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Bad Breath (Halitosis)

What is bad breath?

The complaint of bad breath is unusual in children and the cause should be uncovered and dealt with directly. When your child's breath has an unpleasant odor it could be caused by food, dental problems, or by another underlying problem. The problem may be recent or a long-standing one.

What causes bad breath?

Many things can cause bad breath. Some causes include:

  • poor saliva flow at night (bad breath in the morning is normal)
  • eating pungent foods, such as onions or garlic
  • poor brushing and dental care
  • sucking on a thumb or other object
  • occasionally, a symptom of a disease, tooth decay, or sinus infection.

How can I take care of my child?

  • More frequent toothbrushing improves most cases of mild bad breath. Also brush the surface of the tongue. If your child has a cavity, make a dentist appointment. Mouthwashes and chewable breath fresheners are heavily promoted in our society but provide temporary improvement at best.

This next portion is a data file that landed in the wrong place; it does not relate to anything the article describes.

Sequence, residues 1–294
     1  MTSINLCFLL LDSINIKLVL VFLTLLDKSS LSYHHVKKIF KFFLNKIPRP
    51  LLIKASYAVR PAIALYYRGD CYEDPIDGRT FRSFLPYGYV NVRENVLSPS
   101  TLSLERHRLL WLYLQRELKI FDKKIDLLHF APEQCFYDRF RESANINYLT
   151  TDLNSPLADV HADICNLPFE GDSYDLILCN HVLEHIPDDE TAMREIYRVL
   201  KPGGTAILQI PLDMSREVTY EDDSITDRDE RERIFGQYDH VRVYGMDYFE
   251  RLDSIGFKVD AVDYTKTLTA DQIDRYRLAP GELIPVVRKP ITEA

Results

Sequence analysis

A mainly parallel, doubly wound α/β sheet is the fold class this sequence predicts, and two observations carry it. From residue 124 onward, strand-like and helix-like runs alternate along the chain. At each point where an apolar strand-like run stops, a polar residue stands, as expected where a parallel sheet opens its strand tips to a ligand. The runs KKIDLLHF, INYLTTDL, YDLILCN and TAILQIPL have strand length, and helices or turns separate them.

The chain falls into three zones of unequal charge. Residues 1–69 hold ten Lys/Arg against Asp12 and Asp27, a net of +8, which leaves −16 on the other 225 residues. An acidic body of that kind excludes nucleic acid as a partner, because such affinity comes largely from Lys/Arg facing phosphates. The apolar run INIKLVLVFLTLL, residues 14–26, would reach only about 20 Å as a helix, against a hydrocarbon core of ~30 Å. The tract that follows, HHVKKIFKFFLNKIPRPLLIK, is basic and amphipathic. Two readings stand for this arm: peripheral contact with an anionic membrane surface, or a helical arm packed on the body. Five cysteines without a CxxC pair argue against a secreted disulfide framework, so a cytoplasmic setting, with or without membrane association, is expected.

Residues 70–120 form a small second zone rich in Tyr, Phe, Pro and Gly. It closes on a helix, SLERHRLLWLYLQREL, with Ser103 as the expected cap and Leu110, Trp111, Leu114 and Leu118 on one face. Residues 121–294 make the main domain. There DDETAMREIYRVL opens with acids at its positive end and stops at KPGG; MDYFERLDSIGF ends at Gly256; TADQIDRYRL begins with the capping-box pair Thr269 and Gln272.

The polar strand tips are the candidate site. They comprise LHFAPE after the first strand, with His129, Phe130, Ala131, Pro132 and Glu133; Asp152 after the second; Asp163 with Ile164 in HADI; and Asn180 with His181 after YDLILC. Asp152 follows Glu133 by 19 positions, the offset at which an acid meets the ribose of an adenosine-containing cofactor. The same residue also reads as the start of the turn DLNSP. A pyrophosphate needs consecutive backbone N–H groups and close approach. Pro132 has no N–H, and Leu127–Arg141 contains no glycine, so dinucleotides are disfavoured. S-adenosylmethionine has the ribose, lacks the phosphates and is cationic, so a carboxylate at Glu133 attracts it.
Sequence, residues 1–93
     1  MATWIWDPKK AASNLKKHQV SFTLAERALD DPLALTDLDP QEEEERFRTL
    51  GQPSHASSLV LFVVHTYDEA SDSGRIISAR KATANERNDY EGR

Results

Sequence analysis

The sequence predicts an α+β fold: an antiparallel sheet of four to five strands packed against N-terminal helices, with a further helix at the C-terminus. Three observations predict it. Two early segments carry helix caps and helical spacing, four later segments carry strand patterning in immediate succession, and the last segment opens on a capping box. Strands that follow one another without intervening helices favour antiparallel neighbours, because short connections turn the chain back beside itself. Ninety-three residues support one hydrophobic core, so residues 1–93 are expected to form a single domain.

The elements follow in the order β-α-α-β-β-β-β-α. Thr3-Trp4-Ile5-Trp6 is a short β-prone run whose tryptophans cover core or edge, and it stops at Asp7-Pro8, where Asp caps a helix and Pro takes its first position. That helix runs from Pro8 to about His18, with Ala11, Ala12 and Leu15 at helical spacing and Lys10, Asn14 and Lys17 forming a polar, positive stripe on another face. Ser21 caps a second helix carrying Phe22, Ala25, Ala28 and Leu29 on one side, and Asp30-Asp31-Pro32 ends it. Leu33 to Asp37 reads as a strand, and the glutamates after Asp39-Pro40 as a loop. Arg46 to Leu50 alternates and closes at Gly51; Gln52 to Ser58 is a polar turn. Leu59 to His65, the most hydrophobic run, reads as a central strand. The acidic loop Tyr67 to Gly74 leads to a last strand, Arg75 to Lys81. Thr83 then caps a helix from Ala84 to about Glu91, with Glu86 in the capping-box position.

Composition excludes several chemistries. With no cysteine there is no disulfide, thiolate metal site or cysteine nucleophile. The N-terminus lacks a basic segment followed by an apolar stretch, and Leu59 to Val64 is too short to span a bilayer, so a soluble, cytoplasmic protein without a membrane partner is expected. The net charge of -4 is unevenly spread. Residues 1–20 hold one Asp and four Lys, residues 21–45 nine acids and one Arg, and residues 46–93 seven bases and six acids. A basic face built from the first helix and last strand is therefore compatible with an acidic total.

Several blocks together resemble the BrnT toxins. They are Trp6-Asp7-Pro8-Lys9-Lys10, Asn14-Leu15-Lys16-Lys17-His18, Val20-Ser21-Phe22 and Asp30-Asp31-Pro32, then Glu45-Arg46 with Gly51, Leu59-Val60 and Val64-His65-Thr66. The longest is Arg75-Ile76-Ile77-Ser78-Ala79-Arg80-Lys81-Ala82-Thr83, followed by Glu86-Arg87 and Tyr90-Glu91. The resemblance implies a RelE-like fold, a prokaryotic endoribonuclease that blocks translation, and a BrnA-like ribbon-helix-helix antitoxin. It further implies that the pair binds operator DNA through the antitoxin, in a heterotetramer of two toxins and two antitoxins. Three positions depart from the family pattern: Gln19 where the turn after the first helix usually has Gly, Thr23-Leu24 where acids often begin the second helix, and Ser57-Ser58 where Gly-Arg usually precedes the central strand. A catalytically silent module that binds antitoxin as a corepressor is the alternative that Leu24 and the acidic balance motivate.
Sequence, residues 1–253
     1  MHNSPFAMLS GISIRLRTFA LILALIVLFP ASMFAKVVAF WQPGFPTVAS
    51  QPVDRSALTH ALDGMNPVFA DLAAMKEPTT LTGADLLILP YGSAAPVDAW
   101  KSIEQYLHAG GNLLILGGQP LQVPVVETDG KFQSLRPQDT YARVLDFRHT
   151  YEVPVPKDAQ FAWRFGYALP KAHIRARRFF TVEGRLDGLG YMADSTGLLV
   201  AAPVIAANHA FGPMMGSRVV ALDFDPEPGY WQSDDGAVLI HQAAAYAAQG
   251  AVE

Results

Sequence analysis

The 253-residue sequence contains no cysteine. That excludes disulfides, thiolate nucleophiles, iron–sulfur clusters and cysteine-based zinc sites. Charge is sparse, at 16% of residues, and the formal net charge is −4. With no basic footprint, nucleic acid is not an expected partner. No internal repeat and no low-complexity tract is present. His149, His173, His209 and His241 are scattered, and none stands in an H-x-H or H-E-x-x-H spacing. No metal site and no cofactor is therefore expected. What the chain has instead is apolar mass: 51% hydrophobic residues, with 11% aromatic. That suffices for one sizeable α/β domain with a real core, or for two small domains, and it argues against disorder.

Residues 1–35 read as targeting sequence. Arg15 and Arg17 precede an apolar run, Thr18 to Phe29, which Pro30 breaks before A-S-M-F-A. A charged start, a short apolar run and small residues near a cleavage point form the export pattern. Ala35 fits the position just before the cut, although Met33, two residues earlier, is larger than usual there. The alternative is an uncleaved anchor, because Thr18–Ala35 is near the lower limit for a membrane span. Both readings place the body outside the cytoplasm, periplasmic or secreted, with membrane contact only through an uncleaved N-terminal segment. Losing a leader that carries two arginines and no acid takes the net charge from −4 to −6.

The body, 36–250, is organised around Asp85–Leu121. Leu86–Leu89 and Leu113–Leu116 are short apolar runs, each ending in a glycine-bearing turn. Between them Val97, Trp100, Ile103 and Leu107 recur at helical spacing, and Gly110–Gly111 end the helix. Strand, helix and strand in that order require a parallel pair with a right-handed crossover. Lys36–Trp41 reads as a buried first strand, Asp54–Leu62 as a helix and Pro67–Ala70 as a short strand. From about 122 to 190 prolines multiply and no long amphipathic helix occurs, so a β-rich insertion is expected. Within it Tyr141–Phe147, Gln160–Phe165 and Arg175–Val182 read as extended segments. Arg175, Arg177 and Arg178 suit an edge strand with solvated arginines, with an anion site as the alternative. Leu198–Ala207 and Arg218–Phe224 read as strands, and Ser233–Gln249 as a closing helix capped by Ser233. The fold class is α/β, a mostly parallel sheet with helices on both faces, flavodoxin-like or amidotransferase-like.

• If your child sucks his thumb, a blanket, or other object, the bad breath will go away when this habit is given up. If your child is over age 4 years, ask your child's health care provider about some ways to discourage this habit before the permanent teeth come in.

When should I call my child's health care provider?

Call during office hours if your child continues to have bad breath and you cannot find the cause.

Written by B.D. Schmitt, M.D., author of "Your Child's Health," Bantam Books.
Published by McKesson Provider Technologies.
Last modified: 2006-10-05
Last reviewed: 2006-03-02
This content is reviewed periodically and is subject to change as new health information becomes available. The information is intended to inform and educate and is not a replacement for medical evaluation, advice, diagnosis or treatment by a healthcare professional.
Copyright 2006 McKesson Corporation and/or one of its subsidiaries. All Rights Reserved.
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